The name of Donald Trump is never spoken in playwright Beau Willimon’s “The Parisian Woman,” a stunningly smug, utterly incredible and wholly inept political satire of the sexual mores of the chattering Republican classes, starring Uma Thurman. At the Hudson Theatre, Broadway is teaching an object lesson in how the looming presence of the 45th president of the United States is spawning way, way more than his fair share of lousy art.
Especially when progressive scribes throw their barbs with all of the nuance, sophistication and intellectual complexity of a presidential tweet. To oppose, even at fictional remove, does not, ipso facto, mean to descend to the same level. One of the fundamental problems of this terrible show is that you never for a moment believe that anyone involved here really knows how the people they are lampooning actually function. The other side, maybe. But not the Trumpians. Not even the expedient classes.
Willimon is best known for running the show known as “House of Cards,” a justly acclaimed online TV drama that starred Kevin Spacey and suddenly seems entirely out of step with these deconstructing times.
Indeed, with its narrative of multiple sexual betrayals, twisting bits of plotted trickery, besuited, bloviating dudes and femmes potentially fatale, “The Parisian Woman” feels very much like a pilot for such a show, or an episode that was subsequently deemed to lack credibility, something that was left on the proverbial cutting-room floor. Following an earlier production of this 2013 play at South Coast Repertory, Willimon did a major rewrite, focusing on the Trump administration, adding in references to Charlottesville and Ivanka. In so doing, he painted himself into a trap.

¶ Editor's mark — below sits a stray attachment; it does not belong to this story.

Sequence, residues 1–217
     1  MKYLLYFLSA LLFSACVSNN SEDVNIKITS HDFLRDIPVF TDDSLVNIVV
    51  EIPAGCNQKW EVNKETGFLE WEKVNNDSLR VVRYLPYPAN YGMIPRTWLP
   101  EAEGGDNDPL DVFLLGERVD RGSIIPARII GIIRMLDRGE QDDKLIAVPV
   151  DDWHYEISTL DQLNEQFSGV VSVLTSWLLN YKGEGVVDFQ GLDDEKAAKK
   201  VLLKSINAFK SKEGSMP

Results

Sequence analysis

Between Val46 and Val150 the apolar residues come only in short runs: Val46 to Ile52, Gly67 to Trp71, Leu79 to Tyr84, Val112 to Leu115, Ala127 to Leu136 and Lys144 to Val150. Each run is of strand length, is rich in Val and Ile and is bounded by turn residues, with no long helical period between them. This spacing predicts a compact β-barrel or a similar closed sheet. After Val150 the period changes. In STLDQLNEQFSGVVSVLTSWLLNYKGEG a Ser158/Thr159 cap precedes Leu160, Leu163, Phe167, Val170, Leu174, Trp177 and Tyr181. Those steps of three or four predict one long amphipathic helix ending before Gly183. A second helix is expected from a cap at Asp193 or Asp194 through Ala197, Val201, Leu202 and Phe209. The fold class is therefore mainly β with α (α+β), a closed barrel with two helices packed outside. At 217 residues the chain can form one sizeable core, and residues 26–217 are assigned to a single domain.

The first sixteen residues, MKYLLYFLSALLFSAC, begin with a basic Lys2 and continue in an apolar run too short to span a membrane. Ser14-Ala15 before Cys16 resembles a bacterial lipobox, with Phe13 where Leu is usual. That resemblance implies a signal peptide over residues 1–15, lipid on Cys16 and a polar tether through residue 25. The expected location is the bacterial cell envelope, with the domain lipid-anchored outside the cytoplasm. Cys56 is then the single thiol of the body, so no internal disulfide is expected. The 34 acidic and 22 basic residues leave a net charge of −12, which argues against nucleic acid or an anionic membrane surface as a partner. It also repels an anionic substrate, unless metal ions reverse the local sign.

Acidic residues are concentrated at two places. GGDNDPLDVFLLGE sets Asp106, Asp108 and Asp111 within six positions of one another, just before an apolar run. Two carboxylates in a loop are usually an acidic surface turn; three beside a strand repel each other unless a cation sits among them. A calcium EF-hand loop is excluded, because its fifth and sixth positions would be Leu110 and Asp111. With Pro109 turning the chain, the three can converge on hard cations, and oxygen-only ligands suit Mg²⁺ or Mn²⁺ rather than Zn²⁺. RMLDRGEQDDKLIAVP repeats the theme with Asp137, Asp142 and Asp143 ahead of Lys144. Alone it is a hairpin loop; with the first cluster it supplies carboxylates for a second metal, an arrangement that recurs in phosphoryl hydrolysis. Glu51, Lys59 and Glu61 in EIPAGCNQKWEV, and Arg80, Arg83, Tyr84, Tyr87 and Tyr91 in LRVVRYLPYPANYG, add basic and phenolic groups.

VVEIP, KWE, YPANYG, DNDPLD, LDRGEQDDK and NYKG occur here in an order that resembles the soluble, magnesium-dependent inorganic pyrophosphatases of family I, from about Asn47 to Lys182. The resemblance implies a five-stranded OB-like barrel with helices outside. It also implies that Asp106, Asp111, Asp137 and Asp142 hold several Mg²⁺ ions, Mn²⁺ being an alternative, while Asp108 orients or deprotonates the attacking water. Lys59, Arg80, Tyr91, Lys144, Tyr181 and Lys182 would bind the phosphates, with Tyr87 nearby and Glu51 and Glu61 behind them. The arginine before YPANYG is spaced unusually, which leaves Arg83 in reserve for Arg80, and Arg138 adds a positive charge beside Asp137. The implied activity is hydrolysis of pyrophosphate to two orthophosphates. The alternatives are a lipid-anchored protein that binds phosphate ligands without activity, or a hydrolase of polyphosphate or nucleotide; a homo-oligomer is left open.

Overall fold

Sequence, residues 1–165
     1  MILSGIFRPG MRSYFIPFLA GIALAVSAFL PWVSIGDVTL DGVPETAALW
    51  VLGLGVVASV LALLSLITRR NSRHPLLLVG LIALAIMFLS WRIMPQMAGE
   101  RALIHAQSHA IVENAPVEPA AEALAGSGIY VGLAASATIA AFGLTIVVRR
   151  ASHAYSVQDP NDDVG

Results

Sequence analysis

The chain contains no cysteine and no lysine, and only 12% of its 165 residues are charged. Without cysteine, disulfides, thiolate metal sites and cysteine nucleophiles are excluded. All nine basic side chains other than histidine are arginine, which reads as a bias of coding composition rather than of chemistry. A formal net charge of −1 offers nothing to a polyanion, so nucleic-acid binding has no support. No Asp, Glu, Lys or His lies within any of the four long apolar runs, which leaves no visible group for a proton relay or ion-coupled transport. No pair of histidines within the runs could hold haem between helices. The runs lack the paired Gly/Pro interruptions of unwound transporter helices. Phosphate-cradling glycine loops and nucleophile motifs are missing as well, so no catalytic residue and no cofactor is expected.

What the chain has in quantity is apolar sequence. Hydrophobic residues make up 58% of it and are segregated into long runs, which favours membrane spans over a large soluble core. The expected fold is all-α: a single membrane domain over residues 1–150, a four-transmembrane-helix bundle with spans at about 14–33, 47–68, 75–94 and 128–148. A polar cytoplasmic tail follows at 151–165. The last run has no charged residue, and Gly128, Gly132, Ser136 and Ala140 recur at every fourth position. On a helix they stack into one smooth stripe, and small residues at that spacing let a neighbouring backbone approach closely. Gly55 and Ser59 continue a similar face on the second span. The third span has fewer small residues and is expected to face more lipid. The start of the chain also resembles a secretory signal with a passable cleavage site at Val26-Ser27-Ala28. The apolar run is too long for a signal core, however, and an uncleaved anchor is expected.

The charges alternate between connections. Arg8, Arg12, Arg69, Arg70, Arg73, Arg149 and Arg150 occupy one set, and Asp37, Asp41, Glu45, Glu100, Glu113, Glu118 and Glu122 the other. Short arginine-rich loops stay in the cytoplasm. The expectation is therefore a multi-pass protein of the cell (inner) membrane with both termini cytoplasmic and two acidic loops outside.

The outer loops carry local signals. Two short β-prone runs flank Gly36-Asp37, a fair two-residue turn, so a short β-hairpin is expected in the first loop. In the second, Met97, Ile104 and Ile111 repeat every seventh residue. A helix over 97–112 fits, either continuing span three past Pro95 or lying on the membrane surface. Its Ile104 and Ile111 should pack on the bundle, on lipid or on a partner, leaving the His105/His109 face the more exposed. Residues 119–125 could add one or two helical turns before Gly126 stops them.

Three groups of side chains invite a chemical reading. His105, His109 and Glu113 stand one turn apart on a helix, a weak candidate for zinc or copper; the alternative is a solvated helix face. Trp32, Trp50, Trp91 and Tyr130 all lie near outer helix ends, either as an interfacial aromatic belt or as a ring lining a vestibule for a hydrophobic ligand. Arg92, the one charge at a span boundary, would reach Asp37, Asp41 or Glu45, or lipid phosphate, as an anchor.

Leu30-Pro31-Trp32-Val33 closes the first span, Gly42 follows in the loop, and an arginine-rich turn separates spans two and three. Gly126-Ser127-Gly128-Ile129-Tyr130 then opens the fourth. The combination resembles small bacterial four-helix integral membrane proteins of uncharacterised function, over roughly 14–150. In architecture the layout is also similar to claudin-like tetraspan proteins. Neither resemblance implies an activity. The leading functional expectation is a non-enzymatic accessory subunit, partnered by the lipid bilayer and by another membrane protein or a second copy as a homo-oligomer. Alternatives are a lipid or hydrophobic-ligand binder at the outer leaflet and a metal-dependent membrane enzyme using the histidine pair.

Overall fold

“House of Cards” owes a great deal to “Richard III,” and “The Parisian Woman” is one of those plays juiced by exposing how the petty jealousies and rivalries of powerful Washington families — especially those revolving around middle-age sex — have geopolitical consequences. But whatever else you might throw at the Trump crew, they hardly are Washington insiders. And the play never probes the current discomfort of the Republican establishment. Rather, it conflates and thus oversimplifies everything right of center. You have to write a play about Trumpworld; you can’t just rewrite an earlier one and take glancing note of the change. Too much has happened, and is happening, for that.
But you can’t blame Trump (or Willimon) for some of the incomprehensibly terrible acting on view in director Pam MacKinnon’s production, an endeavor filled with flat line renditions, uncomfortable pauses and live bodies that just cannot figure out how to move when they speak. Thurman is the actress charged with playing Chloe, the Machiavellian wife of Tom (Josh Lucas), a tax attorney seeking a judgeship, and the lover of Peter (Marton Csokas), a White House insider. Peter also is a sexual aggressor toward Rebecca (Phillipa Soo), the poshly educated daughter of Jeanette (Blair Brown), who has access to that which Chloe wants.
Thurman flails around the stage, as if she does not know what to do. Soo mostly retreats within herself, connecting with no one. Lucas and Csokas have some spark, and Csokas even has a note of vulnerability, but these characters, as they play them, are absurd. Only Brown is any good, and her character is not central enough to allow anything to build. Even the jittery set from Derek McLane is a mishmash of tradition and technology; it looks as lost and as desexualized as the actors.
Maybe the theater lover should take solace in this singular demonstration of how the live art demands so very much more than its more popular and lucrative prerecorded cousins, how a theater in Midtown can expose a lack of truth and craft and humanity with all of the clear-eyed glare of the flashbulbs illuminating the latest selfish sinner brought to shame. There’s that, I suppose.
Chris Jones is a Tribune critic.